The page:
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Wed, Sep 22, 2010

Qantas Passengers, Crew Sue Over Sudden Loss Of Altitude

Airbus And Northrop Grumman Named In Lawsuit

An Australian lawyer has filed a multi-million dollar lawsuit against Airbus and Northrop Grumman. The suit was filed on behalf of 76 of the passengers and crew who were aboard a Qantas Airbus A330-300 in 2008 which twice dived steeply during flight, injuring several of those on board. The pilot of the aircraft executed a successful emergency landing at a remote Australian Air Force base.

The international news service AFP reports that attorney Floyd Wisner named Northrop Grumman in the suit because it made a data unit on the plane. He declined to put a dollar estimate on compensation, but said it could range from the low six figures to millions per person, depending on the injuries, both physical and psychological.

The group Wisner is representing consist of passengers from Australia, Britain, Singapore, Sri Lanka, and India. The three Qantas pilots are also among those seeking damages. The aircraft was at FL370 enroute to Perth from Singapore when the autopilot reportedly disengaged and the plane entered a steep dive, losing about 650 feet and tossing people and loose items through the cabin. After the pilot recovered his altitude, a second incident caused the aircraft to dive 400 feet. The incidents injured more than 100 people, who sustained broken ribs, spinal fractures, and other injuries. Wisner said people and food carts flew through the air, hitting the ceiling and the overhead luggage bins before eventually falling back onto the seats and floor of the airplane.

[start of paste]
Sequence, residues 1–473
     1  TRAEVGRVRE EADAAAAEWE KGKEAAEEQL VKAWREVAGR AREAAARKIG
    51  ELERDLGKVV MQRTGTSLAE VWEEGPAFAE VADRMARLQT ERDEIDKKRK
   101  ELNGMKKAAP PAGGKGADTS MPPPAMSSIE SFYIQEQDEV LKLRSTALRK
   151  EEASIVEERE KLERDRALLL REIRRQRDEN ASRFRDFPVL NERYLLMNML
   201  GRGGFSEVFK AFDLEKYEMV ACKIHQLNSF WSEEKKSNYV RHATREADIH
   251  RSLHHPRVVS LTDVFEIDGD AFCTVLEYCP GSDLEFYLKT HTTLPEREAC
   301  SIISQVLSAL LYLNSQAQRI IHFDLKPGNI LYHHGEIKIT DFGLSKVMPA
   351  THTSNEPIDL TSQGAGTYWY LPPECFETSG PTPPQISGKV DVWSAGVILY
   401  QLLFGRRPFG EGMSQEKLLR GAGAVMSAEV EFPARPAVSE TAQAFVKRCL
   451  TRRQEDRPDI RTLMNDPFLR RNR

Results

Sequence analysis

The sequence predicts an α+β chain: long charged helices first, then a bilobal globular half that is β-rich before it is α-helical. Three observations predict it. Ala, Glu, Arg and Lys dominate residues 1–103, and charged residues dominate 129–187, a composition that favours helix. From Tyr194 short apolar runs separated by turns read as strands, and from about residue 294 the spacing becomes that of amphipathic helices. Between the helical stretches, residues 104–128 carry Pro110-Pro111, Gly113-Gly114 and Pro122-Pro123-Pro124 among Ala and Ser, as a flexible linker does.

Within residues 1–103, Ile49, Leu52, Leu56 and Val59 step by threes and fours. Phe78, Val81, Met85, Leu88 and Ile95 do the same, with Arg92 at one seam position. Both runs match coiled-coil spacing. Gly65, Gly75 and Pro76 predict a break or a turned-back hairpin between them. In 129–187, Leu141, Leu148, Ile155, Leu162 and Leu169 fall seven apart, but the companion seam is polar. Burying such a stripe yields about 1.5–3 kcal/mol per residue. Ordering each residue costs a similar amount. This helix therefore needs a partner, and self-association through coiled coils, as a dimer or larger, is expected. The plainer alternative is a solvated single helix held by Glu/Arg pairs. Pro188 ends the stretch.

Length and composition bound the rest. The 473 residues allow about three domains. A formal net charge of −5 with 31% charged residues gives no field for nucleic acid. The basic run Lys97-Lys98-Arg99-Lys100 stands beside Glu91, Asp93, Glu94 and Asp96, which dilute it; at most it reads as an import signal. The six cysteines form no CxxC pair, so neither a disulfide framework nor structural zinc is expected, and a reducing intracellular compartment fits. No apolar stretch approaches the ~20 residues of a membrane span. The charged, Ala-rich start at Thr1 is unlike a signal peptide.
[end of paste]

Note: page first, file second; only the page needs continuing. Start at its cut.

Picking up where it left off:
Wisner said the pilot, whom he describes as a former U.S. Navy "Top Gun" aviator, has not flown since the incident. The pilot said the aircraft "went out of control" and the computer would not give him control of the airplane.

Wisner said if the claims are not settled, he expects to be in court in the United States within two years. Qantas called the event "exceptionally rare." The Australian Transportation Safety Bureau has not yet released its final report on the incident. A spokesman told AFP in a statement that the airline had settled several claims, but it would also consider any new claims made in relation to the incident.

FMI: www.qantas.com, www.atsb.gov.au

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